The vi­o­lence we see against women is re­lated to the vi­o­lence we do to our­selves look­ing for … that ideal of beauty that will make us lov­able and pre­cious.”

“Di­et­land” showrun­ner Marti Noxon, with star Joy Nash

Variety - - Contents - Story by CYNTHIA LIT­TLE­TON Pho­to­graphs by SHAYAN ASGHARNIA

With her new AMC series ‘Di­et­land,’ showrun­ner Marti Noxon is wag­ing a war on be­half of women ev­ery­where

The vet­eran showrun­ner- di­rec­tor is hip- deep in film­ing the fi­nale of her new AMC drama “Di­et­land,” one of two high-pro­file series Noxon is shep­herd­ing this year, along with HBO’S Amy Adams-star­rer “Sharp Ob­jects.”

Based on the 2015 novel by Sarai Walker, “Di­et­land” is a satir­i­cal call to arms, as in­ven­tive and out there as it is provoca­tive and ir­rev­er­ent. It turns on is­sues of fe­male em­pow­er­ment, body-im­age con­cerns, rape cul­ture and the ris­ing level of or­ga­ni­za­tion as women de­mand eq­uity in board­rooms and bed­rooms. Th­ese topics have been in the head­lines for months, al­though not nearly so much when Noxon first chased af­ter the book rights two years ago.

There prob­a­bly won’t be much in­dif­fer­ence to the Sky­dance En­ter­tain­ment/ AMC Stu­dios pro­duc­tion when “Di­et­land” pre­mieres on June 4. Peo­ple are ei­ther go­ing to love it or hate it.

“I love that ‘Di­et­land’ is a reach. It’s a bold show. It’s a dar­ing show,” says David Mad­den, pres­i­dent of orig­i­nal pro­gram­ming for AMC, Sun­dancetv and ity ma­chine,” or the cul­tural pres­sure ex­erted on women who are not nat­u­rally rail-thin and drop- dead gor­geous. The rev­o­lu­tion­ary part comes in the sto­ry­line, which Noxon freely ad­mits is a “fem­i­nist re­venge fan­tasy” that asks why women don’t fight back — with vi­o­lence — when faced with sex­ual ha­rass­ment and as­sault.

“I want to make ‘Fight Club’ for women,” she quips.

BACK IN LATE MARCH, AS THE DAY’ S work at Broad­way Stages on the bor­der of Queens and Brook­lyn wears on into the af­ter­noon, and with only a few days of principal pho­tog­ra­phy left to go on Sea­son 1, Noxon’s fo­cus is a ten­der love scene in bed be­tween Nash and ac­tor Adam Rothen­berg. Jug­gling di­rect­ing and showrun­ning du­ties, the petite Noxon — clad in a loose gray sweat­shirt and baggy green sweat­pants — takes a is re­cruited by a band of fem­i­nist as­sas­sins — led by the heiress to a weight-loss pyra­mid scheme — who em­bark on a protest mur­der spree of prom­i­nent men ac­cused of sex­ual mis­con­duct, and worse.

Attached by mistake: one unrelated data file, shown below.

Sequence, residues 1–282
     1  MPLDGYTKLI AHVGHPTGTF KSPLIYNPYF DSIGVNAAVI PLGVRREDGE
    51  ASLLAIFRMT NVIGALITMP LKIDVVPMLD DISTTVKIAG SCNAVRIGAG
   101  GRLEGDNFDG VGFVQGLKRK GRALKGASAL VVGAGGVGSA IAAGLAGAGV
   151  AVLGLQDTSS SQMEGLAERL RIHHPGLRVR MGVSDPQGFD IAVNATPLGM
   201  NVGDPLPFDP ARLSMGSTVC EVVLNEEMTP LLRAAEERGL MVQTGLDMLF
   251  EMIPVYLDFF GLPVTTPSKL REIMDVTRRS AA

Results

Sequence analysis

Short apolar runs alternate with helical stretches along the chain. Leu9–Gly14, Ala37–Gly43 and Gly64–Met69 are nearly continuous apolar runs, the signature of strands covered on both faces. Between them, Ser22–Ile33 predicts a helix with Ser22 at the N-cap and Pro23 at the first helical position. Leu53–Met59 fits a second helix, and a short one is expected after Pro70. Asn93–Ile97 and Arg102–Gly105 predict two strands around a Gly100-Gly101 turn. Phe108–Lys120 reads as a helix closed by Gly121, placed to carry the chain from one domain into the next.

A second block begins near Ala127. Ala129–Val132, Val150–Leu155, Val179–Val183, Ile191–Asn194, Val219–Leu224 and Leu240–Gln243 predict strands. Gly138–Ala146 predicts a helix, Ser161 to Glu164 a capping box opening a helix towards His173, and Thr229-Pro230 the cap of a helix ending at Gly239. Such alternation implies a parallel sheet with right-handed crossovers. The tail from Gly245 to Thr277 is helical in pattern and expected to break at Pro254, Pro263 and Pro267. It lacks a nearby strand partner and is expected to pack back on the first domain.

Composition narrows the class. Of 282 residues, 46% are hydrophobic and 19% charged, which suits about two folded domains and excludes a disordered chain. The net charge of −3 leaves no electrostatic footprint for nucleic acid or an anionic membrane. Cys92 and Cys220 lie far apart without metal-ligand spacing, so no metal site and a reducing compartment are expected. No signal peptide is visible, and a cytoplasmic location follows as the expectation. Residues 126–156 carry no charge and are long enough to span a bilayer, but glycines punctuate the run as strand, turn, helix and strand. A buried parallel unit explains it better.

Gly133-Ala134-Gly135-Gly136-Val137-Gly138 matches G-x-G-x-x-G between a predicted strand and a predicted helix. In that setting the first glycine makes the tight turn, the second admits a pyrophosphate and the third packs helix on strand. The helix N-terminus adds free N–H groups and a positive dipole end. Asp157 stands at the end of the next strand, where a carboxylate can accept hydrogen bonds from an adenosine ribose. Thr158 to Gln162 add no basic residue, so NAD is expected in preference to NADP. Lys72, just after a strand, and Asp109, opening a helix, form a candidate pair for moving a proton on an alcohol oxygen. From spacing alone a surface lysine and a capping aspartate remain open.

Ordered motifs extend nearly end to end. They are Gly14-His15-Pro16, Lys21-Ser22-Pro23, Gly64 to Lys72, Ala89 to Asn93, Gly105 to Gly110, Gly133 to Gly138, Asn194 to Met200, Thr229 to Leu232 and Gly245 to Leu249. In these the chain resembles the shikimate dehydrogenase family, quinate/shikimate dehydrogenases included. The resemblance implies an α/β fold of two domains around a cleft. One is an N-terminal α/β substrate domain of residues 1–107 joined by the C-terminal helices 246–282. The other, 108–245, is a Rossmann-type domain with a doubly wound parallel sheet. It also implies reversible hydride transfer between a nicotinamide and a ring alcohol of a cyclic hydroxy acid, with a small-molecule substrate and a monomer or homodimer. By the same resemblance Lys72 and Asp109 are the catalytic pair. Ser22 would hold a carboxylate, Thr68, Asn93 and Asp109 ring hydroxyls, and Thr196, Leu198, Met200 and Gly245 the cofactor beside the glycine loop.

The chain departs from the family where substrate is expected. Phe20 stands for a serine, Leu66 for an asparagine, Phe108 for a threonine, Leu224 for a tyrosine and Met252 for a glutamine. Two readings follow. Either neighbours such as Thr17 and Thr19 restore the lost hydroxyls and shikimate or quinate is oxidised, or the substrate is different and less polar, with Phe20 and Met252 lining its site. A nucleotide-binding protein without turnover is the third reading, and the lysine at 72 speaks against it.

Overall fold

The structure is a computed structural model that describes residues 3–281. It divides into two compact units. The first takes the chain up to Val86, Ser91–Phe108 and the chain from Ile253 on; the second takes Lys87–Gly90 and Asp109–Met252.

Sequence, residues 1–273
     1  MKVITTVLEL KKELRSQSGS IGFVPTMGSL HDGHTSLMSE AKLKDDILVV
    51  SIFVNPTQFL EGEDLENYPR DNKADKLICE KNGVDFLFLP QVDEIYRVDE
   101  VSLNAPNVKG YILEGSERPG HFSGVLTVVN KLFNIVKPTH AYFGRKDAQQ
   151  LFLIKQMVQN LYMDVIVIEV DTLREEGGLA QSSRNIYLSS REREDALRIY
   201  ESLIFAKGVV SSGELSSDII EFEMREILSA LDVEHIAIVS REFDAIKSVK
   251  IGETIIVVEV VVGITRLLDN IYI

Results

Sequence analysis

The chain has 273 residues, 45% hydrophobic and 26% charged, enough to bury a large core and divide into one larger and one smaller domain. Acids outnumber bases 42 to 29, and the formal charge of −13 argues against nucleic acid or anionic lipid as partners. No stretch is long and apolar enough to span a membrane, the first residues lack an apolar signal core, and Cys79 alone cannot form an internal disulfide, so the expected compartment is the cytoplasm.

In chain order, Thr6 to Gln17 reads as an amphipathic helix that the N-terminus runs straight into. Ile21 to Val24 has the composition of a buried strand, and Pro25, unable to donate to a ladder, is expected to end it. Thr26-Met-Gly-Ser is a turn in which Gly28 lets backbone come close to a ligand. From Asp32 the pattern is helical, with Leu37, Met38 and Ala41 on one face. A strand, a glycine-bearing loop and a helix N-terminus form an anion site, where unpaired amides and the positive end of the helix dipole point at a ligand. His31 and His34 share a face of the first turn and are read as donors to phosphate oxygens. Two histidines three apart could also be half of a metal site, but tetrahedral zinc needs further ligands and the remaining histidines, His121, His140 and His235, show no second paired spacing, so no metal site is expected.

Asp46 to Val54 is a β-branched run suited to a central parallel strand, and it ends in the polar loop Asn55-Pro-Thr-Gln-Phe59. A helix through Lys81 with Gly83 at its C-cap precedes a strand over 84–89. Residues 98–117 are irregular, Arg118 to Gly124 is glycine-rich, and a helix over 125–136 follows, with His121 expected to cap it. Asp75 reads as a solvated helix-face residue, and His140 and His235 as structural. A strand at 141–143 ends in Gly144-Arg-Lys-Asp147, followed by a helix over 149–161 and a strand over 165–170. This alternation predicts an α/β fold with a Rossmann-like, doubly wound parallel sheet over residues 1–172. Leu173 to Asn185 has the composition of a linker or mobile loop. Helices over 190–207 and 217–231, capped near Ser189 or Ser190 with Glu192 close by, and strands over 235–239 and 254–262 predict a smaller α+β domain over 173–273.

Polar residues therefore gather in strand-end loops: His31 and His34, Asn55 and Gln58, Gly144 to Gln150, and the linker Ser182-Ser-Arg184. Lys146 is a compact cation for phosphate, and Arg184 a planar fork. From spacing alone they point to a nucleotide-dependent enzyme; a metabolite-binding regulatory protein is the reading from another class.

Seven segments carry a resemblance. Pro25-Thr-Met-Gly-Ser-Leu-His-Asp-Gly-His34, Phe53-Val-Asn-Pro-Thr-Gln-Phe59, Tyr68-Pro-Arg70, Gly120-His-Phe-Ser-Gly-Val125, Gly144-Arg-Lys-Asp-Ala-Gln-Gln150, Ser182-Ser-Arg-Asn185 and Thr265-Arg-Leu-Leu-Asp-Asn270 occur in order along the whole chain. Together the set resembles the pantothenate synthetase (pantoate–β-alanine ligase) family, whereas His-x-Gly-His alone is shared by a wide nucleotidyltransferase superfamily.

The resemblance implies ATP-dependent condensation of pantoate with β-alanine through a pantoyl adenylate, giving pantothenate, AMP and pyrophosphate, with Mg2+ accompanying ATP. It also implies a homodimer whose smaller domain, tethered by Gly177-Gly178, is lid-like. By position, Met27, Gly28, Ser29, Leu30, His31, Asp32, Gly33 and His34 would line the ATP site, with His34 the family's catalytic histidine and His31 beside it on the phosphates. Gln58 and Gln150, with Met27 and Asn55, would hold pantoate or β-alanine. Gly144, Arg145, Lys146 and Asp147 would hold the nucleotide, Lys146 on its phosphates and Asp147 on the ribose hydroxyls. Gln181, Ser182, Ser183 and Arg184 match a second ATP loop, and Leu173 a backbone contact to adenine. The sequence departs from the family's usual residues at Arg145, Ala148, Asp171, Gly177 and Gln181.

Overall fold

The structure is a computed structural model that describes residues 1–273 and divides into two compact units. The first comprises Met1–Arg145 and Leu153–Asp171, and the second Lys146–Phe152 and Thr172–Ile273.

Walk­ing around the set, it’s im­pos­si­ble not to no­tice the num­ber of women work­ing on the show, from crew mem­bers to the DP, Al­i­son Kelly. Noxon had to in­vent a few male char­ac­ters not in the book to bring a lit­tle bal­ance to the gen­der equa­tion.

“I like men,” she says. “I re­ally didn’t want the show to re­flect a world where men weren’t a part of this strug­gle.” Be­hind the scenes, Noxon has long worked to open doors for women on the set, par­tic­u­larly in non­tra­di­tional ar­eas like cin­e­matog­ra­phy and crew po­si­tions. “It was my first time ever work­ing with a fe­male DP,” Mar­gulies notes.

All told, “Di­et­land” has been a con­sum­ing pas­sion for Noxon. Even as she jug­gled other de­mand­ing projects, she di­rected the first two of the series’ 10- episode or­der as well as the fi­nale.

DEEP IN­SIDE A BRICK-WALLED SOUNDSTAGE ON A CHILLY MARCH DAY IN QUEENS, MARTI NOXON IS START­ING A REVO­LU­TION.

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